July 15, 2009

Reality,Tall Ships, Learning the Ropes and Battleship Grey

Last weekend I went over to the Charlestown Navy Yard in Boston, Massachusetts to check out the visiting tall ships. I was nearly lying down when photographing the USCG Barque Eagle. Clean shot, eh?

Then I moved about six feet to my left and shot from the same low angle. Which image is reality?

In my classes on photography and ethics, I make the point that you do not need Photoshop to manipulate an image. Lens choice, angle, perspective, timing, and framing can present radically different "truths" of the same scene.

Speaking of reality, I treated these two images with a Lightroom develop module preset that emulates the rich saturated colors of Velvia film. I love it: how to make digital look like film.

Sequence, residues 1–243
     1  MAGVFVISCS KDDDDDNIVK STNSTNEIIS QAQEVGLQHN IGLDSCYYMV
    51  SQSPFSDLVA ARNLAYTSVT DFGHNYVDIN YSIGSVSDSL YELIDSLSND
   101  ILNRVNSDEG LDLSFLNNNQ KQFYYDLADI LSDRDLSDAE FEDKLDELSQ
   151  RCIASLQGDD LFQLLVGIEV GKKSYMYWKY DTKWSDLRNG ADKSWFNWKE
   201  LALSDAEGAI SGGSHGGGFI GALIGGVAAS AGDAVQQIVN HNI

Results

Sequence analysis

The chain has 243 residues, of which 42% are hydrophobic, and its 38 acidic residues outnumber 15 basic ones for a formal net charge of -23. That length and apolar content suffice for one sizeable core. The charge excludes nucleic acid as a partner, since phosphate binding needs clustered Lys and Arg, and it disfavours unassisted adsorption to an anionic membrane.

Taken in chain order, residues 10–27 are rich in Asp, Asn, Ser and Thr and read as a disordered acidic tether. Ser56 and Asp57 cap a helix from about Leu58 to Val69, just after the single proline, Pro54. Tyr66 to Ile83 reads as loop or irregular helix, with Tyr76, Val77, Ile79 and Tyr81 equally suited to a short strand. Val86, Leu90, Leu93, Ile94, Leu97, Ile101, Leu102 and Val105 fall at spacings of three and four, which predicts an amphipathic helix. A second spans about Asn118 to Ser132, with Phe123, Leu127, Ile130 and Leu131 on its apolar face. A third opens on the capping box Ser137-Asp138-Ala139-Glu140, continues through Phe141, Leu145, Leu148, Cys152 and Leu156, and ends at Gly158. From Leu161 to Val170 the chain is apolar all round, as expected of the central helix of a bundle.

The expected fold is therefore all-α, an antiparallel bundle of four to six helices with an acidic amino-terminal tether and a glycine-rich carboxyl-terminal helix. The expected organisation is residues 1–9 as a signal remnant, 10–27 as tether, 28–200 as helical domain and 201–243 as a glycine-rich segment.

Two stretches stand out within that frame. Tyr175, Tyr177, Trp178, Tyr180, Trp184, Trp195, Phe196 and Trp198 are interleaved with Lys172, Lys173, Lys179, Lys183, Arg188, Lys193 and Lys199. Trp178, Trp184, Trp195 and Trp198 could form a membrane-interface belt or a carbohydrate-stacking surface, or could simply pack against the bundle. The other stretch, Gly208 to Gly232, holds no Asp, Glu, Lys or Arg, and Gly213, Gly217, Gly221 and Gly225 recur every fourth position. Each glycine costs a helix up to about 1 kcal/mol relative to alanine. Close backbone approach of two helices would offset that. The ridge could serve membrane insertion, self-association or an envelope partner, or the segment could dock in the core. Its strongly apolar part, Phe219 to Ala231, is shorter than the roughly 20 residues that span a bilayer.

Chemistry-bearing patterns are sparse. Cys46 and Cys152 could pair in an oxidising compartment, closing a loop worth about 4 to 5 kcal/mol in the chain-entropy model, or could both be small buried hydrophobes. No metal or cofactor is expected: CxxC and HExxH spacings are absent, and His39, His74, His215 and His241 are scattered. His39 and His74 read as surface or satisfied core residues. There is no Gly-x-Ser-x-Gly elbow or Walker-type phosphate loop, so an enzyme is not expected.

"Learning the ropes literally and figuratively," is how Captain Eric Jones of the Barque Eagle explains the experience on the ship for Coast Guard cadets undergoing training. These are Captain Jones's medals and decorations.

Along with his many years of Coast Guard service, Captain Jones also participated in the MIT Sloan Fellows Program in Innovation and Global Leadership. I found this out from photographer Stuart Darsch, who documented a group of Sloan Fellows touring the ship with Captain Jones.

This officer saluted Captain Jones as he and the group approached the ship's steering wheel. Behind her is the Leonard P. Zakim Bunker Hill Bridge.

Berthed across the pier from the Barque Eagle is the USS Cassin Young, a destroyer built during World War II.

So technically, the color is destroyer gray.

Naval Numbers

Working with this abstraction in the computer, I pushed for deeper blacks. I began to worry about losing detail in the darkest shapes, but then had this calming thought: "Does a painter worry if she has detail in her blacks"?

© 2009 John Nordell